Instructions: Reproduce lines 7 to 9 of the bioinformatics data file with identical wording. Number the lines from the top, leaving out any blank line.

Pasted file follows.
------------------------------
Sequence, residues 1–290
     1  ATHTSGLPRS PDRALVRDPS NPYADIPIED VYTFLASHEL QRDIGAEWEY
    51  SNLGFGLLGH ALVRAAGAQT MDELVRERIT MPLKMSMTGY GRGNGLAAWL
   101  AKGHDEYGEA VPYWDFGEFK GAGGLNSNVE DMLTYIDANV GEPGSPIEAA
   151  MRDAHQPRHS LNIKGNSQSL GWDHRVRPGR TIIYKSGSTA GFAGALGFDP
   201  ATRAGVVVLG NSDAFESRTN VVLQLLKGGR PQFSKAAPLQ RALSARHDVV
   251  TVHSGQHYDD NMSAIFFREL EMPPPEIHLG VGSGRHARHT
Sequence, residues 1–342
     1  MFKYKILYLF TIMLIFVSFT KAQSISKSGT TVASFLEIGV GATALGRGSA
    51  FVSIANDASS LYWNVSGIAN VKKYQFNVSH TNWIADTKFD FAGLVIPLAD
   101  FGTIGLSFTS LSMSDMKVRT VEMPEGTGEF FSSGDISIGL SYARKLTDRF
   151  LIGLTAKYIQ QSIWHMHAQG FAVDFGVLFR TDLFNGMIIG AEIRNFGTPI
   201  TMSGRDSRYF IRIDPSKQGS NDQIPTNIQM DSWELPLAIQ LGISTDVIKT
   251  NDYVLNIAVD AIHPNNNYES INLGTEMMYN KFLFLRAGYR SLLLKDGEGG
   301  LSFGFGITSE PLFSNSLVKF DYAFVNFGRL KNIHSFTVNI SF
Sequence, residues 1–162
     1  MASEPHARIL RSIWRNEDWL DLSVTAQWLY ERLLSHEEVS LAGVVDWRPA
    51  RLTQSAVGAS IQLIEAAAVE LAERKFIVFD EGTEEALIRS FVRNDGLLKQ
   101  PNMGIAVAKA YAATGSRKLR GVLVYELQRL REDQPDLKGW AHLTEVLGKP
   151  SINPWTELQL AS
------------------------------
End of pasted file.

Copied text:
   251  TVHSGQHYDD NMSAIFFREL EMPPPEIHLG VGSGRHARHT
Sequence, residues 1–342
     1  MFKYKILYLF TIMLIFVSFT KAQSISKSGT TVASFLEIGV GATALGRGSA